I’m an Architect who hasn’t been “paid in full” for commercial tenant improvement drawings provided to my Client who has leased a retail space in a shopping Mall, can I file a lien on her business and her local bank account?

5 months ago

My Client lives in Italy, but has a local business address and local bank account
She has leased a 2100 sf space in a major shopping mall to establish a retail shoe business
She hired me to create drawings for the remodeling and improvement of an existing space at the Mall
I completed all the drawings for my Client who than used them to get bids from Contractors
She has paid me only 1/3 of my fee, prior to my completing the Contract Documents
After several weeks of waiting for payment on invoices sent to her, and which she agreed to pay and stated several times that she was sending payment, she has since stopped communicating with me
I sent her a “Breach of Contract” notice along with several invoices in which I demanded immediate payment for work completed to date via email She has refused to communicate with me via email, phone or texting I have a signed agreement with her that she reviewed and signed in Italy after a trip here to Los Angeles to sign her lease with the Landlord of the Shopping Center

I want to recover my Fees, so do I have a right to Lien her business, business assets and/or her local ‘bank account’? The amount that she owes me is $10,500 + interest of several months @ 1.5% every 15 days past due

Chief Legal Officer Levelset

There are many different factors surrounding what type of work may give rise to mechanics lien rights, what property interests to which the lien may attach, and the rules and requirements associated with maintaining any potential rights.

The first question is to what property a lien ay attach. Mechanics liens attach to the property being improved itself, not the personal property of the non-paying party (like bank accounts, or other property). In order to obtain a lien or other security interest in property other than the improved property, there would need to be some other mechanism giving rise to that type of right, either a judgment or something like a UCC financing statement.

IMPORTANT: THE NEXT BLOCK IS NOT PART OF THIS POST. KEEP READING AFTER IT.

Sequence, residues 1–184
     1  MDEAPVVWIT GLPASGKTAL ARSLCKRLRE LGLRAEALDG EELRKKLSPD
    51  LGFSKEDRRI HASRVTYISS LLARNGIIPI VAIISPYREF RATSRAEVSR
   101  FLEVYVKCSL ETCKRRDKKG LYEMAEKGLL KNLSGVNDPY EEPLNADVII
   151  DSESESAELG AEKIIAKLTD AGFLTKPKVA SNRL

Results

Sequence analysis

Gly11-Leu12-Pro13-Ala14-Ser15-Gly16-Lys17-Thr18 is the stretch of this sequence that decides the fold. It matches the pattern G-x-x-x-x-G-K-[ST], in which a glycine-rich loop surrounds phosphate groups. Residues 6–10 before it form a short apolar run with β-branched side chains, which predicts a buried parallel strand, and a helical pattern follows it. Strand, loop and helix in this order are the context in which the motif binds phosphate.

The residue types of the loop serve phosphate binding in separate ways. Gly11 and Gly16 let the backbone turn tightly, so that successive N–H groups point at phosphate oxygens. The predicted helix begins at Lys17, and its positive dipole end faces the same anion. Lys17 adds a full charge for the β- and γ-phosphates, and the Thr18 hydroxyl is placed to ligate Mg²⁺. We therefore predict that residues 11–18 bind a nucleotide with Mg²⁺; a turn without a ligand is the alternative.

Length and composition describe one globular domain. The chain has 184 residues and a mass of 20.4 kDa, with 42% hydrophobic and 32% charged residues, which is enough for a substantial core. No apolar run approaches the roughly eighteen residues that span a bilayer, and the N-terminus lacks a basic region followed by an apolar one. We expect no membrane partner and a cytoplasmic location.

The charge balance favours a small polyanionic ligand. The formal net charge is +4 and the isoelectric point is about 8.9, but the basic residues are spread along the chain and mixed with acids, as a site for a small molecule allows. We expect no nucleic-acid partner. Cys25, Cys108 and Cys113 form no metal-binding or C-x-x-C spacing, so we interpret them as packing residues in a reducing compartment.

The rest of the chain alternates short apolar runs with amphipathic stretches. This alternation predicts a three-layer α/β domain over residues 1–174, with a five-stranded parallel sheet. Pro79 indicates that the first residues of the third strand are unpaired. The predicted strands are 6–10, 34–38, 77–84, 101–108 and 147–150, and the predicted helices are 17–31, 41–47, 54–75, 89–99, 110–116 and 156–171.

In California, property improvements commissioned by a tenant can sometimes give a claimant rights against the property itself. If the actual property owner knew of the work, the work is deemed to have been completed at the insistence of the property owner such that the property itself can be encumbered by a mechanics lien. If the owner doesn’t actually know of the improvement, or if the owner files a notice of non-responsibility, any mechanics lien against the project may only attach to the leasehold interest of the tenant contracting for the work.

California also allows design professionals (including architects) the ability to file either a “design professionals lien” or a regular mechanics lien, depending on the circumstances. A design professional’s lien may be filed if the actual construction of the work of improvement has not yet begun. The requirements for such a lien are set forth by CA Code §8300-8318, and include:

(a) The work of improvement for which the design professional provided services has not commenced.
(b) The landowner defaults in a payment required under the contract or refuses to pay the demand of the design professional made under the contract.
(c) Not less than 10 days before recording a claim of lien, the design professional gives the landowner notice making a demand for payment, and stating that a default has occurred under the contract and the amount of the default.
(d) The design professional records a claim of lien (in sufficient form).

Note, however, that “[a] design professional may not record a claim of lien, and a lien may not be created, under this chapter unless a building permit or other governmental approval in furtherance of the work of improvement has been obtained in connection with or utilizing the services provided by the design professional.”

Otherwise, a claimant may make a general mechanics lien claim (against either the property itself or the leasehold interest, depending on the knowledge of the property owner) by following the same requirements as generally set forth for mechanics liens in California.

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